Islam is a religion; now let’s move on

“…it’s not a religion as commonly defined by most civilizations. It is more a political organism, as was communism.” – Robert Binish

I don’t recall when I first started reading such sentiment, but now it seems to have exploded onto Conservative blogsophere. I doubt Mr. Binish has delved too deeply into the vast ocean that is Islam; I’m more inclined to believe he has taken his cue from Right Wing opinion leaders, who in turn appear to have taken their cues from the works of early Orientalists, composed during a time when Western powers were brutally colonizing Muslim lands.

But it begs the question, “Is Islam, in fact, pre-occupied with political ideology?”

First, it has long been established Islam is a religion, a religion that has a sacred law as does Judaism. Nobody questions the status of Judaism as a religion, but Islam seems to presently be exempt from such sanctity. Granted, unlike Judaism, Islam rapidly spread across the globe and established a vast empire in the wake of crumbling Rome. However, it is absurd to reclassify Islam as a political ideology.

Such attempts seem more geared toward attempts to deny American Muslim communities their First Amendment rights to build houses of worship, such as what is happening in Murfreesboro, Tennessee. The accusations posed in court prompted the US Department of Justice to weigh in on the matter and assert Islam IS a recognized religion. Yet despite the obvious, individuals such as Mr. Binish continue to claim it isn’t.

It might help to examine the nature and place of Islam’s sacred “Law”, also known as shari`ah, within the religious context. The Orientalist Schacht described shari`ah as the core and kernel of Islam. Yet when we turn to the Qur’an, we do not find the word shari`ah used in the context of a legal code whatsoever. The literal meaning of the word is a “path to water”. An early reference to it in the Qur’an is when Allah says, “Thus We put you on the right way (shari`atan) of religion.” (45: 18) This Meccan verse was revealed during a time when the Prophet Muhammad (pbuh) was more occupied with calling people away from idolatry to monotheism. The meaning is clearly a path to correct religion.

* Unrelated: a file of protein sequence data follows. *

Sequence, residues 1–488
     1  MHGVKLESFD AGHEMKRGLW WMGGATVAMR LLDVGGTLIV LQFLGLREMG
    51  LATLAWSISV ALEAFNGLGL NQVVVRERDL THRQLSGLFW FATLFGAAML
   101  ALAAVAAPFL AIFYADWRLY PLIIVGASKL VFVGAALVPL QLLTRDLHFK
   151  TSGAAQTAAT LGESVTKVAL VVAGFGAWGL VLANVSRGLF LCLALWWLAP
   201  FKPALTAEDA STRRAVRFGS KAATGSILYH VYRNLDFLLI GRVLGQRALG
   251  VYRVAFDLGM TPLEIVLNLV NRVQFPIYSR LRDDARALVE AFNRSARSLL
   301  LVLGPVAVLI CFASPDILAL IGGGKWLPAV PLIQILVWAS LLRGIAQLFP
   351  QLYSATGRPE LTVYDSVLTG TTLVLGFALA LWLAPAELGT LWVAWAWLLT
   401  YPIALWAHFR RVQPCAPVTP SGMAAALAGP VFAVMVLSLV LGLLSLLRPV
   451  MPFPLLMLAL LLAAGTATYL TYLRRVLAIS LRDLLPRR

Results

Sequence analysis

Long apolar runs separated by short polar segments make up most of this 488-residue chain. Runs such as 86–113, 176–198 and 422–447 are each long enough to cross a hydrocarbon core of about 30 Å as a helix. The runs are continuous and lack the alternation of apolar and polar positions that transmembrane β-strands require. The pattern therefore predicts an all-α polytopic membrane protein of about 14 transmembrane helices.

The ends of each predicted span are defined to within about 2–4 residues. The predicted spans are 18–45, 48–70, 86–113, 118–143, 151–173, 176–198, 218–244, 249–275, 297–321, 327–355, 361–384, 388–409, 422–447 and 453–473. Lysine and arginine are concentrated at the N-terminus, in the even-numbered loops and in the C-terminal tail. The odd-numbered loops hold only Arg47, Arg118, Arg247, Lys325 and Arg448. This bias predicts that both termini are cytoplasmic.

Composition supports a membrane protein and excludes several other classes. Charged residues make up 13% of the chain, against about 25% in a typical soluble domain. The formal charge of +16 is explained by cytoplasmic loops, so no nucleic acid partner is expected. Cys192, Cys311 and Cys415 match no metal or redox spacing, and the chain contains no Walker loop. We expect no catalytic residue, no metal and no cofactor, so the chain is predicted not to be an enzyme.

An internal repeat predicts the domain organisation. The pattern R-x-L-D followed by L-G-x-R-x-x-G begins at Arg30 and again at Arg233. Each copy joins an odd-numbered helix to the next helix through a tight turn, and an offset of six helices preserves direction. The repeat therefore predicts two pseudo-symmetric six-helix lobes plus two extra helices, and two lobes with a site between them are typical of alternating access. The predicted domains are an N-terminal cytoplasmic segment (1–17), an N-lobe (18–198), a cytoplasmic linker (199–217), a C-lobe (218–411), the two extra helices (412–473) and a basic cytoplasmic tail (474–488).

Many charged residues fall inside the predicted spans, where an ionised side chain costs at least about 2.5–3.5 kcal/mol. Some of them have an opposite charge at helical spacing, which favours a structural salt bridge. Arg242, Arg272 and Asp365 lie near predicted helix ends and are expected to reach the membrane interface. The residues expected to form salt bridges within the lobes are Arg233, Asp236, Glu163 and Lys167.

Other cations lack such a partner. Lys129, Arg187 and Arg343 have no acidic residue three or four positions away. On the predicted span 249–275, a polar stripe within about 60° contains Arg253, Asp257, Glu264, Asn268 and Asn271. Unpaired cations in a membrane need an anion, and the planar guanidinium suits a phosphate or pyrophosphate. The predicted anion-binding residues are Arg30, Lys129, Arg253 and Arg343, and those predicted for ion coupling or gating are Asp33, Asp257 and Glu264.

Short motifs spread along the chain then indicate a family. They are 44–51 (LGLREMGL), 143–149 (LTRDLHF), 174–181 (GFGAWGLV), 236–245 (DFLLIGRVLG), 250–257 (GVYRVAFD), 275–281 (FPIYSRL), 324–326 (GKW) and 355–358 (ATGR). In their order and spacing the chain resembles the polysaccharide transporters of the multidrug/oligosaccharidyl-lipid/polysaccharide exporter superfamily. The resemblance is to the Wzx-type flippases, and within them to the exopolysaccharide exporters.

In fact, the word shari`ah as a legal code doesn’t even seem to have been used by the Rightly-Guided Caliphs that succeeded the Prophet. It seems clear shari`ah came to be associated to a legal code much later as a body of codified jurisprudence came to be developed. There is no strong footing to consider it a legal code as the defining element of an Islamic society or in the early sources of Qur’an and prophetic hadiths.

We must certainly conclude Islam is a faith first and foremost, and its legal code is something peripheral to it. This does not deny the fact many Muslims today have fallen into rigid literalness and legalism. But there can be no denying Islam is a religion, not a political ideology.

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